Indeed, many "subprime" loans were inappropriately extended to borrowers, including immigrants and minorities, who had income and credit scores that qualified them for prime loans. Fannie Mae and Freddie Mac surveys have shown, for example, that as many as one-third to one-half of Hispanic borrowers who got subprime loans qualified for prime loans.

What is needed is innovative underwriting that enables lenders to accurately assess the creditworthiness and financial capacity of all borrowers. Such systems take into account multiple wage earners and documented income from more than one job, and they add weight to on-time payments of rent, phone bills, utilities and other "alternative" credit indicators.

The Voice of the Mexican Americans

A Letter to The Washington Post

Not in Biafra, though there we are concerned as compassionate human beings, not in Southeast Asia, though there we are fighting alongside fellow Americans, but rather deep in the heart of Texas, deep in the Southwest, there are approximately five million of us, Mexican Americans, receiving a poor education and consequently often enough low incomes and limited employment opportunities.

We have met with discrimination and apathy.  Our present political and economic situation attests well to that fact.  Certainly, great strides have been made and these have occurred in large measure through the efforts of many concerned Americans.  Nevertheless, political obstacles remain: the powers that be, largely in the Southwest, are still as dormant as we were often regarded to have been about our own economic efforts.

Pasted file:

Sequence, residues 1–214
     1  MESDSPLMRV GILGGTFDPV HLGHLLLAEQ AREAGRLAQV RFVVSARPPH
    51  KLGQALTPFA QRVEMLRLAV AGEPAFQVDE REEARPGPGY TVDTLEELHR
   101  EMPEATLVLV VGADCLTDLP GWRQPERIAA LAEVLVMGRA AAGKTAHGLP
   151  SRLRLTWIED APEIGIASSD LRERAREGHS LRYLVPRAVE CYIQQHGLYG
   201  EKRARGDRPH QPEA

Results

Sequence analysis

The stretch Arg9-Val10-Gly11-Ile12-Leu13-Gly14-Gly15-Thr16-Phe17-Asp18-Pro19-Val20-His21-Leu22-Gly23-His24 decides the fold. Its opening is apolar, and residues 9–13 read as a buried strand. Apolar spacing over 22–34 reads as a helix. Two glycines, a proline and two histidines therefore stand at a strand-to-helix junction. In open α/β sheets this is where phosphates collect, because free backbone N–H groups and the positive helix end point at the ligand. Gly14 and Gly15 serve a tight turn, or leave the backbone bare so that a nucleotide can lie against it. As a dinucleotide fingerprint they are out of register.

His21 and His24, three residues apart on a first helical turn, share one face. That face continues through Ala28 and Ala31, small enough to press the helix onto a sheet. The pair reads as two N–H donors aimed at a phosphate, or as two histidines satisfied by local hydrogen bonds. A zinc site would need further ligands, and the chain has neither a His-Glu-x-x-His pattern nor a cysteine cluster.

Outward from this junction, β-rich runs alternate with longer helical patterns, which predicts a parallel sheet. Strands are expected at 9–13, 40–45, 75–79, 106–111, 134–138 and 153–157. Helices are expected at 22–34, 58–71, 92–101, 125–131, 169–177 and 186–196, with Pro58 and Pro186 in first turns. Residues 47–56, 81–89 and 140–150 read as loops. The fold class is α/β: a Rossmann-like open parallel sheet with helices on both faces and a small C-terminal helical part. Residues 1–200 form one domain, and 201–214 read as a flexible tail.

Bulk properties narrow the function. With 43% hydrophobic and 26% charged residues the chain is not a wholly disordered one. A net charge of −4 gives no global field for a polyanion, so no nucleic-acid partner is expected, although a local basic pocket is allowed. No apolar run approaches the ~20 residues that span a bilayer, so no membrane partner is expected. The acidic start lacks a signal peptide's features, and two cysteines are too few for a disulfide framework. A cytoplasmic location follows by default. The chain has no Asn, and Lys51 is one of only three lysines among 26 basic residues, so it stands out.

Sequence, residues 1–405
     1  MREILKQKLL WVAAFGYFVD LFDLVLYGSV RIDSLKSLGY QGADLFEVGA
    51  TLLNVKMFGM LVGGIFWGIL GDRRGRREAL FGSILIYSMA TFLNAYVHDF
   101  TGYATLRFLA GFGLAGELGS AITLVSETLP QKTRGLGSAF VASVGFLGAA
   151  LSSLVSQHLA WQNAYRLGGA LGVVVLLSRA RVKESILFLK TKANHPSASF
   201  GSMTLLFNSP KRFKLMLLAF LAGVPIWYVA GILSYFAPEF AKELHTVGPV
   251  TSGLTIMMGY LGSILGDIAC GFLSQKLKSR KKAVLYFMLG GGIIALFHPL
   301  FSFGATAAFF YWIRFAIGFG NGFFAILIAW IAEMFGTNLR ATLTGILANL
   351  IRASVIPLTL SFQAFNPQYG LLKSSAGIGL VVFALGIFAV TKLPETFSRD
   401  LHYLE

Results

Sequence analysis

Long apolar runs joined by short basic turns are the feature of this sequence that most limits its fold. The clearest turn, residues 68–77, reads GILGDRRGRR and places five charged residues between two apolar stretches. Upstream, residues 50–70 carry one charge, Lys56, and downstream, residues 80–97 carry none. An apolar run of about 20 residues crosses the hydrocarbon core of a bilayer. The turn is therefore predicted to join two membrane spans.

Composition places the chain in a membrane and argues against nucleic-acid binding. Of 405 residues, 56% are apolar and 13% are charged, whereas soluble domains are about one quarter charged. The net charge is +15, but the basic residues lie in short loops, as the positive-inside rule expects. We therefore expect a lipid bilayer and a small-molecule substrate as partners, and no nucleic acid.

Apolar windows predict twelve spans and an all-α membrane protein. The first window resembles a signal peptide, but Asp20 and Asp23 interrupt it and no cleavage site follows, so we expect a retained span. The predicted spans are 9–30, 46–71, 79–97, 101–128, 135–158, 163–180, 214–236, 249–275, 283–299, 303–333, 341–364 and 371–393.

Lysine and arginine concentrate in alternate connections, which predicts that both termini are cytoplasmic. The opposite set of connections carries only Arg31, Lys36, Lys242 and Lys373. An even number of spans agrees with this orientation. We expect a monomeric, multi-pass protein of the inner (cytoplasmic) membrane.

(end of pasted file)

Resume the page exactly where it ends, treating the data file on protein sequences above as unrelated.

It is thus reassuring to hear protests in the wind, that progress has been made, things are being done, and that these heartening voices come from those seeking change and most auspiciously from those causing change.

We are trying to solve the economic problems besetting our particular minority -- a minority that has fought nobly for the Nation.  Ours is merely the pursuit of a goal which the Nation's government and people have persuaded us to take: we all want to be good Americans.

Our new frontier, the economic frontier of Mexican Americans, represents all the aspirations and ambitions of American citizens who want to take part in the economic growth and progress of the Nation.  It is not so much a quest for materialistic wealth as it is for economic justice; it is not the clamor of one people that seeks to destroy or take away the economic wealth and benefits of others -- it is, indeed, merely the desire of Mexican Americans to have the opportunity to work for the economic and social progress of the Nation and of all Americans.

Mr. Nixon, Mr. Wallace, there is a Mexican American.  Mr. Humphrey already recognizes more clearly our plight and our existence.  As the days go by, nevertheless, we shall have more to say; as Americans we can do no less and we can do much more.  And we will.